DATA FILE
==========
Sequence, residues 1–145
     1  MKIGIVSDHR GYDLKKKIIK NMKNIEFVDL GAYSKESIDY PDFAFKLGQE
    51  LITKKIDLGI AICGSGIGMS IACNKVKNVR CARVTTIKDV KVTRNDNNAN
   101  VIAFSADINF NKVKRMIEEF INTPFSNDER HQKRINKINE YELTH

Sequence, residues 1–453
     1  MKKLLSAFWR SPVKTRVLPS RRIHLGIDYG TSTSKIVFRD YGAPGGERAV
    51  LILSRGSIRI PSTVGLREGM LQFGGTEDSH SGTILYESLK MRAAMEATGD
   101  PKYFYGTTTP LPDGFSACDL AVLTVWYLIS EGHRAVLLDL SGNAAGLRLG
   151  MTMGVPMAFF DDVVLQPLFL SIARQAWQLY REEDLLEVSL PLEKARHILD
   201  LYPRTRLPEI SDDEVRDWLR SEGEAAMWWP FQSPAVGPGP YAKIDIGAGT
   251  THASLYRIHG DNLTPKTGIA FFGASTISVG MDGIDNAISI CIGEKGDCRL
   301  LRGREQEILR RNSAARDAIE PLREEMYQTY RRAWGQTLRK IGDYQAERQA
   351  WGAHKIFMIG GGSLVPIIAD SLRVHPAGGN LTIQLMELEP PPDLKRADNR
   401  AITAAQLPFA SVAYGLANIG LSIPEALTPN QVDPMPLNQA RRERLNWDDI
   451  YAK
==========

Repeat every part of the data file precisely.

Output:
Sequence, residues 1–145
     1  MKIGIVSDHR GYDLKKKIIK NMKNIEFVDL GAYSKESIDY PDFAFKLGQE
    51  LITKKIDLGI AICGSGIGMS IACNKVKNVR CARVTTIKDV KVTRNDNNAN
   101  VIAFSADINF NKVKRMIEEF INTPFSNDER HQKRINKINE YELTH

Sequence, residues 1–453
     1  MKKLLSAFWR SPVKTRVLPS RRIHLGIDYG TSTSKIVFRD YGAPGGERAV
    51  LILSRGSIRI PSTVGLREGM LQFGGTEDSH SGTILYESLK MRAAMEATGD
   101  PKYFYGTTTP LPDGFSACDL AVLTVWYLIS EGHRAVLLDL SGNAAGLRLG
   151  MTMGVPMAFF DDVVLQPLFL SIARQAWQLY REEDLLEVSL PLEKARHILD
   201  LYPRTRLPEI SDDEVRDWLR SEGEAAMWWP FQSPAVGPGP YAKIDIGAGT
   251  THASLYRIHG DNLTPKTGIA FFGASTISVG MDGIDNAISI CIGEKGDCRL
   301  LRGREQEILR RNSAARDAIE PLREEMYQTY RRAWGQTLRK IGDYQAERQA
   351  WGAHKIFMIG GGSLVPIIAD SLRVHPAGGN LTIQLMELEP PPDLKRADNR
   401  AITAAQLPFA SVAYGLANIG LSIPEALTPN QVDPMPLNQA RRERLNWDDI
   451  YAK